NAFTZ Board Chair, Melissa Irmen, thanked U.S. Trade Representative Katherine Tai for requesting that the U.S. International Trade Commission (ITC) conduct an investigation and prepare a report on the operation of the U.S. FTZs and similar programs in Canada and Mexico.
As specified by Ambassador Tai in her December 14 letter to ITC Chair Jason E. Kearns [LINK], the investigation and study should include:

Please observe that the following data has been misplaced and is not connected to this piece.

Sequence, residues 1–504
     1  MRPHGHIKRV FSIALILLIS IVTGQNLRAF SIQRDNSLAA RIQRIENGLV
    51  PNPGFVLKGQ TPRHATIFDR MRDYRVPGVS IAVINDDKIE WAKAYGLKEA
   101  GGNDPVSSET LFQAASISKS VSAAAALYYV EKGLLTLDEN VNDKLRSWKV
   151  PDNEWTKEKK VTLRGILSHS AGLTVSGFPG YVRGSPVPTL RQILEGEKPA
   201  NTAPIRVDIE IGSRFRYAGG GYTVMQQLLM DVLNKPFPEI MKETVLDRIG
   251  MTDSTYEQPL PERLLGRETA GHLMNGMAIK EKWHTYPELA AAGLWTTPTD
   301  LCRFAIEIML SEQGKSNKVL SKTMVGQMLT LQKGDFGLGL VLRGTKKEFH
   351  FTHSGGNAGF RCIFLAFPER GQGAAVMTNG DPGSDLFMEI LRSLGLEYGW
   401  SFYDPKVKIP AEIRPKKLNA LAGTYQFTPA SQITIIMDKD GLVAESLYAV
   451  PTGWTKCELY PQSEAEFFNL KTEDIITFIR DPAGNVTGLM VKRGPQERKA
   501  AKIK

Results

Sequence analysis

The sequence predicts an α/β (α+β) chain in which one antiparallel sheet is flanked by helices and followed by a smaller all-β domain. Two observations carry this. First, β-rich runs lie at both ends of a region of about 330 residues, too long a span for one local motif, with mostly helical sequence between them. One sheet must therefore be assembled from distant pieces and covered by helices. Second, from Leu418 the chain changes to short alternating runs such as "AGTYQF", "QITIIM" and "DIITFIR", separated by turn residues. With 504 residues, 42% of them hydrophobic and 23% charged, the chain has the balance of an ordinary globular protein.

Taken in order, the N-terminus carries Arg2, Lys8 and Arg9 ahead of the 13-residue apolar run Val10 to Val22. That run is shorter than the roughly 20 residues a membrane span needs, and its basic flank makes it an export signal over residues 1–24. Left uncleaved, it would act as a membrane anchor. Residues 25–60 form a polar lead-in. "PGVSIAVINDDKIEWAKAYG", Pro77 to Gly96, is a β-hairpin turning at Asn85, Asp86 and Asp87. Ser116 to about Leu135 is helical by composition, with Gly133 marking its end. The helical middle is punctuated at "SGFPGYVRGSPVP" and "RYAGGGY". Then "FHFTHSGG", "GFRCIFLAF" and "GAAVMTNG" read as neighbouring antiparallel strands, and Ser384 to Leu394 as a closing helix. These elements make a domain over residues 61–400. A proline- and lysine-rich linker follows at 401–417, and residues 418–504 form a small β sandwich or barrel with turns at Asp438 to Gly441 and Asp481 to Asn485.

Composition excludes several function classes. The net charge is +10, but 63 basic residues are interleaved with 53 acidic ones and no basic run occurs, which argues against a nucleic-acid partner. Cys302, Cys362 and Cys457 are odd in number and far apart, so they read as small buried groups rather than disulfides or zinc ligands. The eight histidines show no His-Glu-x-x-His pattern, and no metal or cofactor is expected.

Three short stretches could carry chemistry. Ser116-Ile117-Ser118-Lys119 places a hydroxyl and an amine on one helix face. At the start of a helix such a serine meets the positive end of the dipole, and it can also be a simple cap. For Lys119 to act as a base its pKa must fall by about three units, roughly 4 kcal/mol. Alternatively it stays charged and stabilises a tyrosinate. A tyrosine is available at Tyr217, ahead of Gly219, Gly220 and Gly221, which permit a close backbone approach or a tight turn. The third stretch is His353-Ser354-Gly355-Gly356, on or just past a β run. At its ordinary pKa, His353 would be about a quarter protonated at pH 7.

“NAFTZ has for some time maintained that the drawback and duty deferral restrictions that originated in NAFTA and have now been continued in the USMCA agreement, and the Implementation Act prohibition on non-originating goods used in production processes within FTZs from qualifying as originating goods under the Agreement impose unfair handicaps on firms operating in U.S. FTZs and are in fact contrary to the goals and intent of the FTZ program,” said Irmen in a letter to Tai sent December 17. “We believe the purpose and function of the U.S. FTZ program are fully consistent with your own goal to pursue a trade policy that invests in American workers, supports domestic manufacturing, and strengthens U.S. supply-chain resilience. We look forward to working with the Commission to provide the most accurate information possible to assist in the investigation.” Irmen continued.